Best of SA 2012 Critic Pick
Leed Gold: Energy sipping library showcases city direction
Published: April 25, 2012
The end may very well come in a flash as the ancients predicted, but more worrisome are the theories of a gradual inching toward collapse. Should wells pumping fuel from the earth's crust, the essential drivers of our economy and way of life, start to run dry and push us toward that edge without alternatives in place, society as we know it's in for a world of hurt. Among other things, living off less has become ever more crucial, and, credit where credit's due, the City of San Antonio has started down that path. Retooling existing city buildings for energy efficiency isn't exactly flashy, and it doesn't often garner headlines, but it's a critical piece of the environmentally friendly San Antonio we envision.
"We've been systematically trying to gain higher and higher improvements to our existing portfolio in addition to being smarter with what we build new," said Laurence Doxsey, head of the city's environmental policy department. And this month the city, in conjunction with national library week, announced that its Parman Branch Library scored the U.S. Green Building Council's Leadership in Energy and Environmental Design (LEED) Gold certification. It's an independent sign that city construction's becoming environment and health conscious — the certification recognizes sustainable site development, water savings, energy efficiency, and indoor environmental and health quality.
The Parman Branch, which opened a year ago, is the first city-owned building to get such a designation, Doxsey says. Using materials found regionally, and with little disruption to the ecosystem surrounding the 17,000 square-foot building on the Northside, the Parman Branch was built to blend into the environment and community it serves. "Achieving that Gold certification is really above and beyond the minimum that we had established for new facilities, so it was definitely noteworthy," Doxsey said.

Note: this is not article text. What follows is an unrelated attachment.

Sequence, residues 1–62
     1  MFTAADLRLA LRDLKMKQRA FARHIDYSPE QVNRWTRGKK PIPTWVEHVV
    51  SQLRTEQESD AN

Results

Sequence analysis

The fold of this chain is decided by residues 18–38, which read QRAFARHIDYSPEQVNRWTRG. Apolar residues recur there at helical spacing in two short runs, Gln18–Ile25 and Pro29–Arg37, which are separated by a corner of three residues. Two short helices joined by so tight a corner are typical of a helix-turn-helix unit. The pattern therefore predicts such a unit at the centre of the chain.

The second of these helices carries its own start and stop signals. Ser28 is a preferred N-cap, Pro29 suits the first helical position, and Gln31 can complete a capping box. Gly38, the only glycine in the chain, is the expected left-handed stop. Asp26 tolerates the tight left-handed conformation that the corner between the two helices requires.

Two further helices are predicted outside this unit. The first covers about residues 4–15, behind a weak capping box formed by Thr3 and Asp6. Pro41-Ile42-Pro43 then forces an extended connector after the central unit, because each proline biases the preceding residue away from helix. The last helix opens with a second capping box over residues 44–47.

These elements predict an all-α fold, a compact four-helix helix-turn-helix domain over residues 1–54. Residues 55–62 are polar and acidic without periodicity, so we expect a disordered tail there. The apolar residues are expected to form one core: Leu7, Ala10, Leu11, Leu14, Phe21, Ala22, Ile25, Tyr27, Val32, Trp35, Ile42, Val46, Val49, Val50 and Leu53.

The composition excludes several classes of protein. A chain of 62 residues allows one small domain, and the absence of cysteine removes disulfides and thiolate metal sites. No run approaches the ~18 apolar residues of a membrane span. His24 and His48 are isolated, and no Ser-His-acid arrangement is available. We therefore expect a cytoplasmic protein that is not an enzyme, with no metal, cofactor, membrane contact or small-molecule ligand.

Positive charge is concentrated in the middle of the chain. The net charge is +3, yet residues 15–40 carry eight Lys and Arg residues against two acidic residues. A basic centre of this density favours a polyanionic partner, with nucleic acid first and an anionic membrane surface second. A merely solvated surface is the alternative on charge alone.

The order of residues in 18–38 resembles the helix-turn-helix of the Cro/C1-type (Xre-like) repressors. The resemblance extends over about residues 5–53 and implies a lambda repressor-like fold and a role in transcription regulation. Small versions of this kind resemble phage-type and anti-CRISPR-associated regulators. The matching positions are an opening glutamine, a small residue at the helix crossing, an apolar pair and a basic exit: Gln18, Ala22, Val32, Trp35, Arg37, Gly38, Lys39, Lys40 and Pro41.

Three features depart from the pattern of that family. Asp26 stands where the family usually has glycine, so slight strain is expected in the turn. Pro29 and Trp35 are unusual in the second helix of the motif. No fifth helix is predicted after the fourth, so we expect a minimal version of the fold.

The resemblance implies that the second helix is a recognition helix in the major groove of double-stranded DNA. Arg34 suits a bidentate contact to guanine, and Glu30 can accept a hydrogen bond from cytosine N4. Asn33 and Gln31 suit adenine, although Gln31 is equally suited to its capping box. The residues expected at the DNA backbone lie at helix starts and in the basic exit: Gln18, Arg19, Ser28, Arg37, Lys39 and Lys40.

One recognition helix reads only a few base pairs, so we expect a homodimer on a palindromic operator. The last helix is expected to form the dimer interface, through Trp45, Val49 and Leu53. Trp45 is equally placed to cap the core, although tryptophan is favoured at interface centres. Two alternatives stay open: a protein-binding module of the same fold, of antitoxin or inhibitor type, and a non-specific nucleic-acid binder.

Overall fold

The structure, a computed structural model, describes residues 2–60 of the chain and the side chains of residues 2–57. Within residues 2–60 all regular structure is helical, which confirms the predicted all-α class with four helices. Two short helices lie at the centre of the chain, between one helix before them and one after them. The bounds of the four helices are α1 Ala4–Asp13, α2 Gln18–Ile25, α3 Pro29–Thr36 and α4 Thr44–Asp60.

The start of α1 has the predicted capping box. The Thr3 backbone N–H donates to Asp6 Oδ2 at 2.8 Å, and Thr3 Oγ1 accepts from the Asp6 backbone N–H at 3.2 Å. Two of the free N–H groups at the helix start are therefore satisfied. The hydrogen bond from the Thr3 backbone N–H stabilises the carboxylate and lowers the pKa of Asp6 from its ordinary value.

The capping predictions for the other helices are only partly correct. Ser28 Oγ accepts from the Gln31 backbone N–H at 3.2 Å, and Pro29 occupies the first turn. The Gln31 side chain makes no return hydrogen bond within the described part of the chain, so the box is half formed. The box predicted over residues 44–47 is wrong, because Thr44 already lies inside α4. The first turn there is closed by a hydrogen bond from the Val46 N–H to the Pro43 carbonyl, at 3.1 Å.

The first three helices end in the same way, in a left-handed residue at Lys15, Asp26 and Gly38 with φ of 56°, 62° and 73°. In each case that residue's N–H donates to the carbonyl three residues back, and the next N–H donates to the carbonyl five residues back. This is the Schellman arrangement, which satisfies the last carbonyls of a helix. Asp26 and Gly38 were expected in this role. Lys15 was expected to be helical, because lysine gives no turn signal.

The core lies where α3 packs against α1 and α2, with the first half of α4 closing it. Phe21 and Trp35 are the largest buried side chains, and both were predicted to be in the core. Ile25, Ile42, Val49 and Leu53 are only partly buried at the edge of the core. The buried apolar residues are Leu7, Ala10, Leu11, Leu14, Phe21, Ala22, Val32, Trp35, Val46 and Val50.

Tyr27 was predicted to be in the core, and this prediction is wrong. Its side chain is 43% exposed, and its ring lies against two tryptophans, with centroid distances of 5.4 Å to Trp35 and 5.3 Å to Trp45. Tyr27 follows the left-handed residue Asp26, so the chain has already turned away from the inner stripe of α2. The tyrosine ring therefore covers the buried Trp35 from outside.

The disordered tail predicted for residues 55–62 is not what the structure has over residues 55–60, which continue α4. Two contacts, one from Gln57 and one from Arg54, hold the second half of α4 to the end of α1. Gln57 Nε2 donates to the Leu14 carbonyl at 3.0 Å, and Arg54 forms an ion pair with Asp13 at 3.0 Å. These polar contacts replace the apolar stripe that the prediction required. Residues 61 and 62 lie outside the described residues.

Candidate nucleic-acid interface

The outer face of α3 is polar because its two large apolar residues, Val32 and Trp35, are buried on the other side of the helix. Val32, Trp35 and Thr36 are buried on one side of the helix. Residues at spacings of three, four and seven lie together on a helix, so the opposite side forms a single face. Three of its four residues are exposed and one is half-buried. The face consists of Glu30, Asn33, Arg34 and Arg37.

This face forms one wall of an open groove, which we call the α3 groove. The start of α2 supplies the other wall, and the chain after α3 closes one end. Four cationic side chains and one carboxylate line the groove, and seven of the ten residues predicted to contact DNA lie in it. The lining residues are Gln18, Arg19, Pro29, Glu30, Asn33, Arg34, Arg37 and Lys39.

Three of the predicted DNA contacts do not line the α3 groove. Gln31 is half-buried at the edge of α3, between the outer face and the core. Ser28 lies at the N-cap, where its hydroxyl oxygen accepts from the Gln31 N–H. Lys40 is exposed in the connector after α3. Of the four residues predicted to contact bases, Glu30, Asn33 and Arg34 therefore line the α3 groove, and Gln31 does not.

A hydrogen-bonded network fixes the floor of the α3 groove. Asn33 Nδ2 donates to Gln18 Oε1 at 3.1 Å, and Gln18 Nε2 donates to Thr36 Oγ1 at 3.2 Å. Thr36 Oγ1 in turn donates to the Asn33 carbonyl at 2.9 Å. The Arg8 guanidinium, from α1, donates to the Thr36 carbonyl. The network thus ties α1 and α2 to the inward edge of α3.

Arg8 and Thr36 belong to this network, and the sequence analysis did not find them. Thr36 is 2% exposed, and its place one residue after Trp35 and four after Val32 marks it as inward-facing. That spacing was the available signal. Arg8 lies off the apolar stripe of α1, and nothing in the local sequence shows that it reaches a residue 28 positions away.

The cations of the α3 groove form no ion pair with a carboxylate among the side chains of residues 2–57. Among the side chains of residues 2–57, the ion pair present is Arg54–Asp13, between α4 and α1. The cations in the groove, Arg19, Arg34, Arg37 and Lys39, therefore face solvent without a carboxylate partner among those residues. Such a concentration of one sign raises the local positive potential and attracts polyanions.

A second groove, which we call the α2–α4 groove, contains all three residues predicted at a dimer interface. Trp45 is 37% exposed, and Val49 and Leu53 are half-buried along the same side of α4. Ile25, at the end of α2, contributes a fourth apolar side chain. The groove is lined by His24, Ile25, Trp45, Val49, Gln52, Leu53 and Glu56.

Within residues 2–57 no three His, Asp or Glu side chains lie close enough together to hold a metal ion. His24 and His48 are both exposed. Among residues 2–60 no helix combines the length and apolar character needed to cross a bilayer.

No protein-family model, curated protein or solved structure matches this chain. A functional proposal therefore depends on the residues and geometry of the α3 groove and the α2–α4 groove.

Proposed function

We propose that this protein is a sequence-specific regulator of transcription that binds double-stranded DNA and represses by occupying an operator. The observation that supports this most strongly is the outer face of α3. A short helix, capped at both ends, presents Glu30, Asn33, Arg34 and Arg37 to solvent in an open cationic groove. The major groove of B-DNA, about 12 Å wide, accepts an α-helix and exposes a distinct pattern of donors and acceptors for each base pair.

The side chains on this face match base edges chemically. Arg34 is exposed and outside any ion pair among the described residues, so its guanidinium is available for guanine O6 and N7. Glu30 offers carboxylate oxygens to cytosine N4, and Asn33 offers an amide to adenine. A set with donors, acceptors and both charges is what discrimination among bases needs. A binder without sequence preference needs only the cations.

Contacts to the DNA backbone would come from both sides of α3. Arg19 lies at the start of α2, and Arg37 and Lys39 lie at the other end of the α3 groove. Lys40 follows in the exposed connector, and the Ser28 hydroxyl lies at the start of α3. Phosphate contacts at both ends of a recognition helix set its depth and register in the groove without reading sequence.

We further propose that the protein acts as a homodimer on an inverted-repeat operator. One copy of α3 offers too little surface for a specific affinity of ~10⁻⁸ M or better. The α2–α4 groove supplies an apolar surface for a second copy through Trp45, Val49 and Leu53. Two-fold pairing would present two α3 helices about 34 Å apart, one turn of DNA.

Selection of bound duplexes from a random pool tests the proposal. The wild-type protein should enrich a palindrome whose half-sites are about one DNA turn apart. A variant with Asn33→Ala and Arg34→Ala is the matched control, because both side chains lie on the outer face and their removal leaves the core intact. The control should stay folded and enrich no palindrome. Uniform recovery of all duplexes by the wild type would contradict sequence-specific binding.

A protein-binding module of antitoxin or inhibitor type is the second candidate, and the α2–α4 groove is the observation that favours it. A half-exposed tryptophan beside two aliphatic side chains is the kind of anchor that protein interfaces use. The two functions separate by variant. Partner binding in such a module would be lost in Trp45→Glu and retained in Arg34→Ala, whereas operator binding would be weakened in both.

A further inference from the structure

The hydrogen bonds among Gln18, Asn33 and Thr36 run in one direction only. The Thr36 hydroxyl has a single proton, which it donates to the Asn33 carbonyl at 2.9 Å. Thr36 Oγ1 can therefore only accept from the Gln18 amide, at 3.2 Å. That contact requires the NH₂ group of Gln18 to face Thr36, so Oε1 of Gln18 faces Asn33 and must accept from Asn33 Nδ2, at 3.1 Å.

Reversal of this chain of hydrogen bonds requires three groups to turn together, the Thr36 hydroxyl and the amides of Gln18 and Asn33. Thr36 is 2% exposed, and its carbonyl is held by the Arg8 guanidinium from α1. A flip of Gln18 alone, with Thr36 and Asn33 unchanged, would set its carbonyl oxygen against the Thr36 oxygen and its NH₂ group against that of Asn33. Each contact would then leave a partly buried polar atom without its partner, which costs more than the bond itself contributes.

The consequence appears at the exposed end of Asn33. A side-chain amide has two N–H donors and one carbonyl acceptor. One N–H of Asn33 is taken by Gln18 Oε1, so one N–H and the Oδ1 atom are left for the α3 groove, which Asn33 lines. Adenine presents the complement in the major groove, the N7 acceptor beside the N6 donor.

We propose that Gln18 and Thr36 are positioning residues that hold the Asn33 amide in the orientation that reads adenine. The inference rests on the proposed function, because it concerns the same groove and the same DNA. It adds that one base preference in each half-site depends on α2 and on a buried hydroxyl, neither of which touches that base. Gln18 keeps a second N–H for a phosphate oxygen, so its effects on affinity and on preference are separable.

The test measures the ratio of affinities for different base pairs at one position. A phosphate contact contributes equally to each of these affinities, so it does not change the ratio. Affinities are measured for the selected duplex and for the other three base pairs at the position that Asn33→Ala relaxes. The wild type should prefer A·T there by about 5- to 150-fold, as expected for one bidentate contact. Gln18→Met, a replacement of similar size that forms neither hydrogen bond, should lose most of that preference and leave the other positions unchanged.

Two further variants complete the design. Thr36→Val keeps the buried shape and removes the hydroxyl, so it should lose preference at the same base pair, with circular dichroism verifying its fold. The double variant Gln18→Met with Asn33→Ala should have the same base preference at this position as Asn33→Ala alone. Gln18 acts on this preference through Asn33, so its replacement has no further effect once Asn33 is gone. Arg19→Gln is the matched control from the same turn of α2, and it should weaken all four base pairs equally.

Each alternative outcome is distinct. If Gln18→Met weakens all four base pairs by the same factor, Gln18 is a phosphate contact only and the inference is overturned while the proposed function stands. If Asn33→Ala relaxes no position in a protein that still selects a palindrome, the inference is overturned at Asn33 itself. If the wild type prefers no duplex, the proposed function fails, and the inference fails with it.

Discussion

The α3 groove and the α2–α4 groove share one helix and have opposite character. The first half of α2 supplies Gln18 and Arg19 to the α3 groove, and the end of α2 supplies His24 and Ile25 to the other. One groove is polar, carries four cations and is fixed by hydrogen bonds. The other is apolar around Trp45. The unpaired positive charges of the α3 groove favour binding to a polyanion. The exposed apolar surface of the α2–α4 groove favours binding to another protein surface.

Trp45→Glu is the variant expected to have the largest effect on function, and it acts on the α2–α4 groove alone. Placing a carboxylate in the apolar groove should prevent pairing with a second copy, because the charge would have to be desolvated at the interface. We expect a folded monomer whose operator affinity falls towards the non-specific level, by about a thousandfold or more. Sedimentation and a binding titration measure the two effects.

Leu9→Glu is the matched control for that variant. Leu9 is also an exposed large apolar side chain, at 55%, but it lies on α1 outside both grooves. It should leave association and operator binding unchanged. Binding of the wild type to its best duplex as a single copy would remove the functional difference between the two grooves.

The city's also moving systematically to improve energy and water use across the board. Along with new construction, COSA's currently in the process of taking inventory of existing city facilities in hopes of greening up its holdings. So far they've targeted 103 facilities they'd like to finish upgrading by this September. Over the last two and a half years, the city has already chipped away at over 30 facilities, fixing lighting, heating and cooling, and water use through a mix of city cash and federal grants. So figuring the final costs of the work are "complicated to finalize," according to Doxey, but ultimately it'll cut down on electricity and water waste. Overall, such fixes should reduce city energy use by 18 percent by September of this year, along with a 4 percent reduction in natural gas consumption, Doxsey said. And at current energy prices, that spells out $2.5 million saved in electricity costs for the city, he says, along with $47,000 saved in natural gas purchases.